The Indian 1000 Guineas was a heartbreaker and Mrs Patmore got us by a head, what was heartening to see though was how she pinned her ears back and almost got up on the wire with a second wind, added to that she didn’t drift out. In a heated battle that day she showed a lot of heart and character to fight. On further study the rail mayn’t have been the best place to be on, on that day as all winners came wide. It was either the Indian or Bangalore Oaks next before a tilt at the Indian Derby. Paddy was away with Desert God in Dubai and I on vacation with my family in Thailand when Mrs. Sharmila Padmanabhan got the brilliant idea of heading to Calcutta for the Derby where we had to pay a hefty final entry. Once the training team had decided to head East there was no second guessing that call. Boy what a call it was, sitting in box seat off a hot pace when David asked her to run she decimated the opposition winning by 8 1/2 lengths geared down and still running the fastest Calcutta Derby of all time in 2:28 and change. Left in her wake were Calcutta Oaks and Guineas winner Silver Beauty and the highly touted Pune Derby winner Accolade who had gone off as favourite. We knew we had a great chance in the Indian Derby, added to the fact that our trainer and jockey were defending champs in the blue riband and Paddy had done the Calcutta-Indian Derby double twice in the past four years.
The race itself never quite went to plan though put simply when you win it’s all hindsight. When Lucas veered out David found himself in front, he was able to get Hall Of Famer to settle in front and in retrospect man what a brilliant ride it was. When I looked up at the 1:20 and change split for the first 6 Furlongs I thought in my mind, “boy we’ve got this!” He had everyone off the bit turning for home without having yet gone for broke, Serjeant At Arms under an inch perfect ride from Sandesh split horses after coming the shortest way home looked as if he’d pass us for fun but when David asked, the filly answered in spades, showing that grit, pinning her ears back and fighting off her challenger. We won the Indian Derby, I let out a real roar, the sort of reaction that is joy, relief and fulfillment all rolled into one and lifted my wife in the air with a bear hug, luckily she never hurt herself.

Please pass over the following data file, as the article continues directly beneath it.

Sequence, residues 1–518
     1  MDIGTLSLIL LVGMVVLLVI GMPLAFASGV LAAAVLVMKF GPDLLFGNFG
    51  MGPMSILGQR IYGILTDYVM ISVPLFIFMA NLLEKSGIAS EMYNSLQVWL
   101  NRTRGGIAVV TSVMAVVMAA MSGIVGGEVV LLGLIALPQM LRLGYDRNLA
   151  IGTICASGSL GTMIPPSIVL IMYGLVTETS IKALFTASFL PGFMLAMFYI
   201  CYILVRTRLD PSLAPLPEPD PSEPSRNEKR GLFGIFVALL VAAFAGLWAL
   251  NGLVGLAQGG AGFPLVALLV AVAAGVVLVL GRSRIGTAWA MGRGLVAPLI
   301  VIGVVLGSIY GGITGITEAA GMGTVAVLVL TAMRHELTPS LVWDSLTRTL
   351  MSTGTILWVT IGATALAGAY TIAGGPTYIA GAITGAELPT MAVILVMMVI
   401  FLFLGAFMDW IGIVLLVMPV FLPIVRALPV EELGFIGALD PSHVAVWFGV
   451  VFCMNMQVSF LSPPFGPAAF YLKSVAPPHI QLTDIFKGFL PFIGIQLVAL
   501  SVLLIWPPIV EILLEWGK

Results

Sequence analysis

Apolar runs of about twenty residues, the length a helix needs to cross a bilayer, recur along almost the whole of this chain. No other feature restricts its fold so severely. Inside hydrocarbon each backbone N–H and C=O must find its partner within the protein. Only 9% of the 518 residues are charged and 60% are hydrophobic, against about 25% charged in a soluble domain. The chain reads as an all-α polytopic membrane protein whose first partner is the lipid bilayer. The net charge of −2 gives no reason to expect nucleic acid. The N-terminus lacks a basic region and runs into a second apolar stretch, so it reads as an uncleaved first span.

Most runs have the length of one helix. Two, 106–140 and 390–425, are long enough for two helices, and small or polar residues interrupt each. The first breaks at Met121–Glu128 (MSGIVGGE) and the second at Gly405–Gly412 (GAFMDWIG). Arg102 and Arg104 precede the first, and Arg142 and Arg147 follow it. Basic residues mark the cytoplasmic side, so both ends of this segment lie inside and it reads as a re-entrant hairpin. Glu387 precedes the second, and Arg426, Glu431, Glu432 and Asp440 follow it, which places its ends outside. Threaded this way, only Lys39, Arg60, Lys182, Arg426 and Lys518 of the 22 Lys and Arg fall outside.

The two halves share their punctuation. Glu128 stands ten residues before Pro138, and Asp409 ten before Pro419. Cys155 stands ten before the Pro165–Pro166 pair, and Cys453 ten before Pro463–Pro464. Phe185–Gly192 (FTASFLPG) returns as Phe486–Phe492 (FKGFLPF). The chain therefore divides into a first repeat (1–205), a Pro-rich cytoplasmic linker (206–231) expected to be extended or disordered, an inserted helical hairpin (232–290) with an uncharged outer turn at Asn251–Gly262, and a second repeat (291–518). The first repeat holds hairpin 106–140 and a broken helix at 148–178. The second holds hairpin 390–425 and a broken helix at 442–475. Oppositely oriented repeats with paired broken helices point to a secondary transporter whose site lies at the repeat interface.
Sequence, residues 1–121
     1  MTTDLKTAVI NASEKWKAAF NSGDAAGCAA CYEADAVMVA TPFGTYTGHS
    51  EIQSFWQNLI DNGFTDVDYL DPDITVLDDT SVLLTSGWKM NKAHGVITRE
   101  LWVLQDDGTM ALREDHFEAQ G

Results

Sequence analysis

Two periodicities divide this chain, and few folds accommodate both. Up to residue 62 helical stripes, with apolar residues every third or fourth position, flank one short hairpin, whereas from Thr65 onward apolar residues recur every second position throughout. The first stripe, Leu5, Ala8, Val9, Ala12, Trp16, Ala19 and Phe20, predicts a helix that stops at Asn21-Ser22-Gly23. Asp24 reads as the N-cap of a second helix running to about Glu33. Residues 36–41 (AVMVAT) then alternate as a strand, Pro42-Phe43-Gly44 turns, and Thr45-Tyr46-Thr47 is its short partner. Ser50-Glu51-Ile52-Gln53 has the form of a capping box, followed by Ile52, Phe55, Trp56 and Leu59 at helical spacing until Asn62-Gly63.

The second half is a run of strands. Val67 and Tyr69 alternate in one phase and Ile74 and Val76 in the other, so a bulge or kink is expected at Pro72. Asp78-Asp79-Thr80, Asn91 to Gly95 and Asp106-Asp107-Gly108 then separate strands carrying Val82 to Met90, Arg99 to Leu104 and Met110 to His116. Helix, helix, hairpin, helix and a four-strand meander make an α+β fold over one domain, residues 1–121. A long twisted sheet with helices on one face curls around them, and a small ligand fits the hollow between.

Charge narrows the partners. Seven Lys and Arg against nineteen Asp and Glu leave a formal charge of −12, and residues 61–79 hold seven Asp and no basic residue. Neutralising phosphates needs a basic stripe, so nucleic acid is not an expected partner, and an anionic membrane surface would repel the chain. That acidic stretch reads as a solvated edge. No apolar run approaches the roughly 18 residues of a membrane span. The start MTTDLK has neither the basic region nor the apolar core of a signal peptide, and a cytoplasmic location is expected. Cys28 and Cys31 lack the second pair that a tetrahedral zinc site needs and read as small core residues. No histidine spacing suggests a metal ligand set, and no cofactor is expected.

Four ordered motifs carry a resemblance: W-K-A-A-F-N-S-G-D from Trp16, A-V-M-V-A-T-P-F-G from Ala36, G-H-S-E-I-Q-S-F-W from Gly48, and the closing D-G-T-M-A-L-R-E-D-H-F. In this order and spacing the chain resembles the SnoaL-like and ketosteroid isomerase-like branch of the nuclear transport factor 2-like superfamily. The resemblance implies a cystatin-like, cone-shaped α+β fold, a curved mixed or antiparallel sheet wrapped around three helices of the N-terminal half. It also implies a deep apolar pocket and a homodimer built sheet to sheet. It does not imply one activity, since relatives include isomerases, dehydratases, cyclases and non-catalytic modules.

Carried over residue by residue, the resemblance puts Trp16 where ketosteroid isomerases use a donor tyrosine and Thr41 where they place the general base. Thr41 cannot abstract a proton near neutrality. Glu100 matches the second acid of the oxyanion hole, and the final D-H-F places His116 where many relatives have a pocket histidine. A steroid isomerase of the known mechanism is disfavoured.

Hall Of Famer is a product of events that span continents and testament to the memory of two of India’s greatest breeders Major Pradeep Mehra of Usha Stud, who imported Amber Forest the 4th dam of Hall Of Famer and bred the grandam Trustworthy and my father Sonny Brar who set up Dashmesh and the day he saw Trustworthy he simply told Mr Jain, “whatever the cost I want that mare.” I must thank Patrick Barbe our friend, agent and advisor who was insistent that we must stand a son of Sunday Silence and found us Win Legend (who was languishing in Japan after his racing career) after we lost Sunday Doubt who produced two classic winners from his only crop. Many must have scoffed at us when we imported a Japanese stallion but as they say nothing works like success. I’m very grateful to my staff in Sarainaga at Dashmesh who had faith in me and stood by me through some really tough times. They had a good shindig after the Derby with a DJ and all. They are the true heroes who make for a successful organization. Similarly to be thanked are people like Paddy’s Jamadar Kalam, Kamrool and Mujeeb as well as Inderjeet Singh who rides the filly in the morning and pretty much entire team Padmanabhan a thoroughly professional outfit which works very hard and deserves every accolade heaped upon them.
I was taught well by my father and brought up with the ethos of being honest to the process day in and day out without worrying about the end result, it’ll come if it has to. There’s no shortcut in the horse business they have to be fed, watered, cleaned and looked after every single day. Many in this business have stood by us in our tough times and they all know who they are.
It’s been a long hard journey and every time I thought about Elusive Pimpernel winning the Indian Derby, it always crossed my mind would we ever get there again? I guess that monkey’s off my back now. I’ve been overwhelmed by the outpouring of good wishes from across the world. Western India has not been a priority market for the stud for a long time and the disconnect of the clientele there is summed up by someone who said it’s refreshing to see a small farm win the Derby. Well if you insist despite a 133 Classic wins, we’re small and that’s fine by us. Our motto is that it’s quality that counts and not quantity. My father always said you need to produce that one horse and that’s just what my mighty grey queen is!